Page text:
“…This story is such a breath of fresh air from other young adult stories about young men figuring out or growing up gay. His family doesn’t toss him out. On the contrary, they do everything they can to help him figure this out. There is a bully or two, but you can’t hate them when you find out the reason they are lashing out as well.
Inclination is a beautifully written story of emotional growth and one I think many gay families should read.
If you are tired of all the angst-filled stories of young men tossed because they are gay or evil families and want a sweet emotional read full of love and understanding this is definitely one for you!” Cat
“If you are a teen who may think they’re gay and are experiencing the all-too-often rejection by churches and “godly” folks, this is for you.
If you are a Christian who feels that being gay is somehow wrong, this is for you.
If you are a parent of a gay Christian kid, this is for you.
If you are an ally of the LGBTQ youth in our world, this is for you. I highly recommend this book to all of the above, and then some!” JG Murphy
“If you know a young person (or any age for that matter) who is gay and who is trying to come to terms with what that means in their relationship with God, then this is a must read book. Honestly, I’d have to say that this is the most important story I’ve read on the subject to date.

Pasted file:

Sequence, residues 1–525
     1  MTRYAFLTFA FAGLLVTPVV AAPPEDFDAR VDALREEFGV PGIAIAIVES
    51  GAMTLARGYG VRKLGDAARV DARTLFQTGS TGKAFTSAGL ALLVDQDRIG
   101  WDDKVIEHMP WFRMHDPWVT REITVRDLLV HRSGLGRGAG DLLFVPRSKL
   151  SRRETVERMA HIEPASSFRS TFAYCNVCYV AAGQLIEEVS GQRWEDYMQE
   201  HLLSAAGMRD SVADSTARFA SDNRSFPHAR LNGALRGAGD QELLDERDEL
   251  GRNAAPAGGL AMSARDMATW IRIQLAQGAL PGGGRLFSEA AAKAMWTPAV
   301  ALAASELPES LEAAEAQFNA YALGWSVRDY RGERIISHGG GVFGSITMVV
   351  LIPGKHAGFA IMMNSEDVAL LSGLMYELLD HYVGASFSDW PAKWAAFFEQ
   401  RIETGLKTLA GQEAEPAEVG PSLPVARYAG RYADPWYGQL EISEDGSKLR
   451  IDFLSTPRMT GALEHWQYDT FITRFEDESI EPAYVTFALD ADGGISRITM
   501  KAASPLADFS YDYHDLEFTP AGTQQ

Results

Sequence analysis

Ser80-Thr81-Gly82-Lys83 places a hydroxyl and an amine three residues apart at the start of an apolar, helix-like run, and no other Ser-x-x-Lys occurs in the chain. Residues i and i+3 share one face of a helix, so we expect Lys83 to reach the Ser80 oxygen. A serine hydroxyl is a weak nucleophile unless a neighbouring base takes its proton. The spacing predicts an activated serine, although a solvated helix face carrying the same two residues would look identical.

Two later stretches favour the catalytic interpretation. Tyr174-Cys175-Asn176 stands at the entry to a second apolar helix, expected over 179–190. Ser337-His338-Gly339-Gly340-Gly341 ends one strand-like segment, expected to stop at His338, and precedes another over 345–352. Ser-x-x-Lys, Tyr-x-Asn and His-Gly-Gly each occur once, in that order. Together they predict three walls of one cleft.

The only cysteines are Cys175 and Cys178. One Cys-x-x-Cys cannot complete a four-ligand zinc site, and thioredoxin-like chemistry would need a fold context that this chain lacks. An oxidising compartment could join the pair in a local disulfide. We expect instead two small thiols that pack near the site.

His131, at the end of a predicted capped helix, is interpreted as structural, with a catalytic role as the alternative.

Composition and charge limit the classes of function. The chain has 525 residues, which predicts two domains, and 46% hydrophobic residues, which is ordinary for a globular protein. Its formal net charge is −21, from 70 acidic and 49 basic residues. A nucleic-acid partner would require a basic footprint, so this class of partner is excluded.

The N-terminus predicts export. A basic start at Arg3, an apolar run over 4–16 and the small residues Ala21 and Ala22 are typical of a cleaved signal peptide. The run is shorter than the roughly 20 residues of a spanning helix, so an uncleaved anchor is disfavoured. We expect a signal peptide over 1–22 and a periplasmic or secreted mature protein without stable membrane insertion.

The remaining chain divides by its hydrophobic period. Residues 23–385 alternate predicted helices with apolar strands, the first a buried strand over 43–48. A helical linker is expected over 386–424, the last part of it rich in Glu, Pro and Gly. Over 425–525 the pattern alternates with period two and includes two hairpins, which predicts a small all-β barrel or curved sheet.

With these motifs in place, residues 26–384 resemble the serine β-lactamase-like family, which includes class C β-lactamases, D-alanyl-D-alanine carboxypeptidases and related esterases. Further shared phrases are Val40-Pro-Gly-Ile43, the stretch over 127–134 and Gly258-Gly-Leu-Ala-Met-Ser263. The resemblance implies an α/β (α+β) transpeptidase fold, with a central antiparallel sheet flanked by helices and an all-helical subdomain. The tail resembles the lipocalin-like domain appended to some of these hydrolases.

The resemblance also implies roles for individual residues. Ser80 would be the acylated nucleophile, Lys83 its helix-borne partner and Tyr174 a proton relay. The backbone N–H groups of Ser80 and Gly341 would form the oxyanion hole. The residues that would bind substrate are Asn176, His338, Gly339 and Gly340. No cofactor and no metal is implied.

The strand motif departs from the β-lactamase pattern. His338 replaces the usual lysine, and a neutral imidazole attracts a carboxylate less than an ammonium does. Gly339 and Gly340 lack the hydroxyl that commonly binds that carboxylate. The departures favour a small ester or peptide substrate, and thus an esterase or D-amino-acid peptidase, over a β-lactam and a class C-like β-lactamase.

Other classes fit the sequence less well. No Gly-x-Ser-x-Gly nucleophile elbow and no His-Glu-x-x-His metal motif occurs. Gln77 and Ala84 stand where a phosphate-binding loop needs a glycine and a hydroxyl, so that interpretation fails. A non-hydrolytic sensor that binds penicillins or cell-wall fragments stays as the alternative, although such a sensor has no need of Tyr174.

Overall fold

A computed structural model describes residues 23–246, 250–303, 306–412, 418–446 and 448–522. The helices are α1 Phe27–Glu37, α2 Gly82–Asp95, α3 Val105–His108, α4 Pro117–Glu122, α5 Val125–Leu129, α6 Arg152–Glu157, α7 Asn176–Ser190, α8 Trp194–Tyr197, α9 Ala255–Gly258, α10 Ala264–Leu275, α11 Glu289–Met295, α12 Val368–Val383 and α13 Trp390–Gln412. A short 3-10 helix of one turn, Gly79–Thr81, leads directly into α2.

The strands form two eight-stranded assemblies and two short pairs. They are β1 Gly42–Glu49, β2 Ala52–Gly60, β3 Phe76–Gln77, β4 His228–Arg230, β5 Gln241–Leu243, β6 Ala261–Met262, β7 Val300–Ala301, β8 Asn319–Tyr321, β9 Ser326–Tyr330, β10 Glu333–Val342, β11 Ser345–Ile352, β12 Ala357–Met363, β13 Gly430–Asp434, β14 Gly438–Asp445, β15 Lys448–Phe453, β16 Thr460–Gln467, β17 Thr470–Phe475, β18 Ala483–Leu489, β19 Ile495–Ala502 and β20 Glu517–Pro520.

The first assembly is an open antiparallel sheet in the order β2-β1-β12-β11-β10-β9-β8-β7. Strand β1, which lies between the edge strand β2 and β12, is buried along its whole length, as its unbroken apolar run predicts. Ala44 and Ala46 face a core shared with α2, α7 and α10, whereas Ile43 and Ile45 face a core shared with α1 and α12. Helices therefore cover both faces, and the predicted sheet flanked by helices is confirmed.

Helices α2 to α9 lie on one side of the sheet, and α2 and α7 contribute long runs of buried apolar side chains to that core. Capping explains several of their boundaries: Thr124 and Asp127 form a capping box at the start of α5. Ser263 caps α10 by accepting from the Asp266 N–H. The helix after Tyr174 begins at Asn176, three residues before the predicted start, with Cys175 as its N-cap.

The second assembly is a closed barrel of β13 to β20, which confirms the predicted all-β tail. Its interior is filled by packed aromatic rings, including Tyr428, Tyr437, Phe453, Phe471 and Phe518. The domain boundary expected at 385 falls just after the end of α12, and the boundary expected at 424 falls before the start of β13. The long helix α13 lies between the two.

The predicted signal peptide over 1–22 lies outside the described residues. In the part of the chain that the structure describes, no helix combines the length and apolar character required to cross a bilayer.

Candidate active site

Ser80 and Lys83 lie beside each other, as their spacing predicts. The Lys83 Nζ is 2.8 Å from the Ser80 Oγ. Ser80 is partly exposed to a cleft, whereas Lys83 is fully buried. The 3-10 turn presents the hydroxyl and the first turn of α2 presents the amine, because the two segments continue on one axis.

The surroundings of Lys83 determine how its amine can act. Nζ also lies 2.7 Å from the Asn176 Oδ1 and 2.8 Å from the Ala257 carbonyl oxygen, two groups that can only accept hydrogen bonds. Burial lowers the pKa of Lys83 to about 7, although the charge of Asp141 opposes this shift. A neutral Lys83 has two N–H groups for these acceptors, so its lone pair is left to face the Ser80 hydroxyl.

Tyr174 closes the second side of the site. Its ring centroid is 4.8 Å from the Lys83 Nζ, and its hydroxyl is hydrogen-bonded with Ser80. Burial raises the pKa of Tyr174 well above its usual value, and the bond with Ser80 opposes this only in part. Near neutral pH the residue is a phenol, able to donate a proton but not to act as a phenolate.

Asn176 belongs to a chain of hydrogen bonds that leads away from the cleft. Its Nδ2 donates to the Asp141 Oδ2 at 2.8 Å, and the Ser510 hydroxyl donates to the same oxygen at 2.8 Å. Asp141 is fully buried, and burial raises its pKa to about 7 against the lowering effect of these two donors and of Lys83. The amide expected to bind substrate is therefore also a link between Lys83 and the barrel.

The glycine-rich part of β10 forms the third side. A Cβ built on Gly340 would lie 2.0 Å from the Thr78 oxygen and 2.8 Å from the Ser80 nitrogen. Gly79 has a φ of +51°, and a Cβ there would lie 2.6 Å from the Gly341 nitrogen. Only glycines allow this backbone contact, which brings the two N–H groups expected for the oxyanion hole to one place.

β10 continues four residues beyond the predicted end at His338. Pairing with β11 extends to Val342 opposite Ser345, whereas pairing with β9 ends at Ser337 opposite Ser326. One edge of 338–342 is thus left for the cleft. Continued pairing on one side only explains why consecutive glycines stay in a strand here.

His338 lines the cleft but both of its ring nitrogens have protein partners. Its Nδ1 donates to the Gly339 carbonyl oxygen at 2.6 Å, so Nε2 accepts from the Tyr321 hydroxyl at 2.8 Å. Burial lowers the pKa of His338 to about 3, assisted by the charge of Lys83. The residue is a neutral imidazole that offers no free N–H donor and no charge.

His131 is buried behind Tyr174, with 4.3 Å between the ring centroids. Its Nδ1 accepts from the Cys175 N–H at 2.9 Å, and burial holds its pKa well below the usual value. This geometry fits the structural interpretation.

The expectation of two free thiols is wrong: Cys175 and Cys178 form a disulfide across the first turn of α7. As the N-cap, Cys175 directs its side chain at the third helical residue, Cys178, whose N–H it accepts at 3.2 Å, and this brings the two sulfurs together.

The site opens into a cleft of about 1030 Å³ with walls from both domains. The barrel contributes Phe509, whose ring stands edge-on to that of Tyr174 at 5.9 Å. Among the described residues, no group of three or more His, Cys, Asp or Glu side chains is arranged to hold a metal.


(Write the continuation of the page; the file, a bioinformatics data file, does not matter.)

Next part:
I can tell that the author, Mia Kerick, has done extensive research of the Bible and I love how she gives a portion of scripture and then her character, David, explains what he feels God’s intent was as it pertains to His gay followers. I think she hit the nail right on the head. The God I grew up learning about in Catholic school loved everyone. Period.
This is a very moving story of a young man who is struggling to reconcile being gay while still being a Christian and serving the God he so dearly loves.
Beautifully done, Mia. I think every young gay Christian would benefit from reading this.” SandyM
A HARD DAY’s NIGHT
In the end, maybe all Fin and Lennon need is love.
High school senior Kalin (Lennon) Macready knows several facts for certain: John Lennon is his hero. Beaumont Finley Danforth (Fin) is his best friend. And—this is the complicated one—he feels more for Fin than mere friendship. For weeks, Lennon pesters Fin, who like Lennon admits to questioning his sexual orientation, for a commitment to spend twenty-four hours together exploring “the gay side of life.” Fin reluctantly agrees. Each boy will seek to answer the daunting question, Am I gay? Lennon pre-plans the day, filling the hours with what he assumes “gay life” is all about: shopping for fashionable clothing, indulging in lavish dessert crepes, boogying to Taylor Swift’s “Shake it Off”, and yes, listening to show tunes. However, Lennon quickly realizes that in creating his plan he has succumbed to the most common and distorted of gay stereotypes. Can he be gay and not fit them? And more importantly, is it possible that spending one very hard day and night together will help Fin accept that he’s gay, too? If so, maybe Lennon has a shot at winning the heart of the boy of his dreams. “A Hard Day’s Night” is an amusing young adult contemporary romance about two boys who seek to discover if they must fulfill stereotypes to be together. In the end, maybe all you need is love.